Metallurgy probably became popular 3,000 years ago in Asia. From there, the ability to shape and process iron spread to Europe, until finally arriving in the Scandinavian countries. However, new research indicates that hunter-gatherers in Scandinavia mastered iron much earlier than expected.
Most evidence relating to metallurgy indicates that small tribes near the Arctic only came to make widespread use of forging from 1600 A.D. However, researchers have discovered furnaces and metal remnants in the remains of a 2,000-year-old ancient tribe in Sweden.
At the archaeological site of Sangis, researchers discovered the carcass of a furnace probably used for forging metal materials. The furnace had a lining of ceramic resin and pieces of iron, copper and bronze once smelted together.
Also, carbon dating of the furnace showed that the apparatus dates between 200 and 50 B.C, or more than 2,000 years ago. According to the research, published in the journal Antiquity, the discovery raises questions about the sophistication for metallurgy of these ancient communities.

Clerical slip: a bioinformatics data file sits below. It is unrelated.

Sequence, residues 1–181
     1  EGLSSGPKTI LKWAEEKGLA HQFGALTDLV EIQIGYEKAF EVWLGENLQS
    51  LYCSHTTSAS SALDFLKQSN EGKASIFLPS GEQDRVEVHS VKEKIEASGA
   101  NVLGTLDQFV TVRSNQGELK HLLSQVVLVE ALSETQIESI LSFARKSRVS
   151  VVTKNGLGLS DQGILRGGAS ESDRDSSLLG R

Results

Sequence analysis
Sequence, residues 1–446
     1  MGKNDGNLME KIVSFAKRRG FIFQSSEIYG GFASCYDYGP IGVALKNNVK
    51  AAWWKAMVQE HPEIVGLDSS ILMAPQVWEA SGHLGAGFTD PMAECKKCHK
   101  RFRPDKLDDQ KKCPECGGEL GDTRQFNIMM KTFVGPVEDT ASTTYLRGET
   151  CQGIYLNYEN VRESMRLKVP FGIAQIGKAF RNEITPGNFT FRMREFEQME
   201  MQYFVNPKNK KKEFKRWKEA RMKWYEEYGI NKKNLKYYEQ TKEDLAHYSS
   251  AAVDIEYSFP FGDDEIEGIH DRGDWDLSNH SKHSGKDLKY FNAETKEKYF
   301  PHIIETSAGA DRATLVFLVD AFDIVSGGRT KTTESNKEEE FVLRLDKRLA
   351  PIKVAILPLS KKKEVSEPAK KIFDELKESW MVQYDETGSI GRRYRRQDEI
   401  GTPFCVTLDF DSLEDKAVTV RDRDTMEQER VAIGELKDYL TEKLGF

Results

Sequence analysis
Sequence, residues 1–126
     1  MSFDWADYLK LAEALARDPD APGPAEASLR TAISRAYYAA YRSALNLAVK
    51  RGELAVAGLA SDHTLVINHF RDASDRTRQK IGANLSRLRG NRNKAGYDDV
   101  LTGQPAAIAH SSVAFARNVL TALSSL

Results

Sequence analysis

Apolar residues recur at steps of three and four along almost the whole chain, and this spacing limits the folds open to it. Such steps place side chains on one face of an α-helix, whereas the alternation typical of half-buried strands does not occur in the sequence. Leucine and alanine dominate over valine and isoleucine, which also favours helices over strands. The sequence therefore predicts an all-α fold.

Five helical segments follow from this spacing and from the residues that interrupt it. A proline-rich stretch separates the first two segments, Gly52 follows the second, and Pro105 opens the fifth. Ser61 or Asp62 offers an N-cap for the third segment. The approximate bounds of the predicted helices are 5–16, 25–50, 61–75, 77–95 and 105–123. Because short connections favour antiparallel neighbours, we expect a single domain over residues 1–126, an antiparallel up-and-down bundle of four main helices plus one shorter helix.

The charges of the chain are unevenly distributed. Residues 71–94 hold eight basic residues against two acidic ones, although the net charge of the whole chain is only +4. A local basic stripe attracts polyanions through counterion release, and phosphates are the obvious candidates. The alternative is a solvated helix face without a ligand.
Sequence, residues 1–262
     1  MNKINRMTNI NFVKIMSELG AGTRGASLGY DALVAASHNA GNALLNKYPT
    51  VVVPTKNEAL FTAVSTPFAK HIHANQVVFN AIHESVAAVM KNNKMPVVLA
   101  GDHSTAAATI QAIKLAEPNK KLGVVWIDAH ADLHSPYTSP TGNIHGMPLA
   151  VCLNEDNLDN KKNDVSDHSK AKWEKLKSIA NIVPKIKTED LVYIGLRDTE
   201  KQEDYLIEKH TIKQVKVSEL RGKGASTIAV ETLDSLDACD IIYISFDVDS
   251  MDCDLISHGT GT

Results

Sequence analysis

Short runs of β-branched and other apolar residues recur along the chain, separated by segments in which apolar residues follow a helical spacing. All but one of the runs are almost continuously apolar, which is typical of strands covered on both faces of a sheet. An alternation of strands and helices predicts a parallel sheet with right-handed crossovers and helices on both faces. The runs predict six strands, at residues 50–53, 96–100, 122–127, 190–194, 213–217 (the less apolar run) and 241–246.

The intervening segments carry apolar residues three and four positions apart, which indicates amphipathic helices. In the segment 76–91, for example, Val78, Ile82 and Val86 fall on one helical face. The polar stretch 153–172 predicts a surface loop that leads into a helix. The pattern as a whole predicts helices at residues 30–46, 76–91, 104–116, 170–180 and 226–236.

Image: BENNERHAG ET AL/ANTIQUITY 2021
Evidence of metallurgy at a second excavation site
Still in the site of Sangis, a little more than 500 meters from the furnace, researchers found several other evidences of metal manipulation. Besides fish bones, archaeologists discovered three bonfires where metals were molded. In this region, the team also discovered several iron and bronze artifacts, as well as solidified copper drops.
At another nearby excavation site, Vivungi, the team also discovered two furnaces probably used for metallurgy, especially of iron. According to the research, the evidence from Vivungi dates back to 100 B.C., although there were no fires for the treatment and purification of metals.
"This study is particularly insightful because the metal is iron, typically considered a more challenging metallurgy than that of copper or gold; the artisans are historically imagined hunter gatherers using only basic technologies; and the location is a region largely ignored in histories of technology," says expert Marcos Martinón-Torres of the University of Cambridge ina statement.
Author Carina Bennerhag states that the hunter-gatherer peoples of Sweden "probably manufactured more iron and steel, and were more socially organized and sedentary than we imagined."